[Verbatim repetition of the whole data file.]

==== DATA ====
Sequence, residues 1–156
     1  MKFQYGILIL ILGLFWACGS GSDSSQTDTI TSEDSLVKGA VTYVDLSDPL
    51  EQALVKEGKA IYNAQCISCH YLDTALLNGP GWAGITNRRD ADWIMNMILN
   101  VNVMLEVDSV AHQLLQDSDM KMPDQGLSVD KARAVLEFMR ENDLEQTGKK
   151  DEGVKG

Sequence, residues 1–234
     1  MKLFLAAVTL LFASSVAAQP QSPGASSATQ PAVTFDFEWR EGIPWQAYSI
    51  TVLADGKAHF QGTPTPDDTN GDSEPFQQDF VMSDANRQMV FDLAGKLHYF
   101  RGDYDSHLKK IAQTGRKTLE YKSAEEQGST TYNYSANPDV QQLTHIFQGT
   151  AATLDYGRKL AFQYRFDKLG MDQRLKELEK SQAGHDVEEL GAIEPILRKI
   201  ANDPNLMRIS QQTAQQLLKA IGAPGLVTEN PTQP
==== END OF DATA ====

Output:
Sequence, residues 1–156
     1  MKFQYGILIL ILGLFWACGS GSDSSQTDTI TSEDSLVKGA VTYVDLSDPL
    51  EQALVKEGKA IYNAQCISCH YLDTALLNGP GWAGITNRRD ADWIMNMILN
   101  VNVMLEVDSV AHQLLQDSDM KMPDQGLSVD KARAVLEFMR ENDLEQTGKK
   151  DEGVKG

Sequence, residues 1–234
     1  MKLFLAAVTL LFASSVAAQP QSPGASSATQ PAVTFDFEWR EGIPWQAYSI
    51  TVLADGKAHF QGTPTPDDTN GDSEPFQQDF VMSDANRQMV FDLAGKLHYF
   101  RGDYDSHLKK IAQTGRKTLE YKSAEEQGST TYNYSANPDV QQLTHIFQGT
   151  AATLDYGRKL AFQYRFDKLG MDQRLKELEK SQAGHDVEEL GAIEPILRKI
   201  ANDPNLMRIS QQTAQQLLKA IGAPGLVTEN PTQP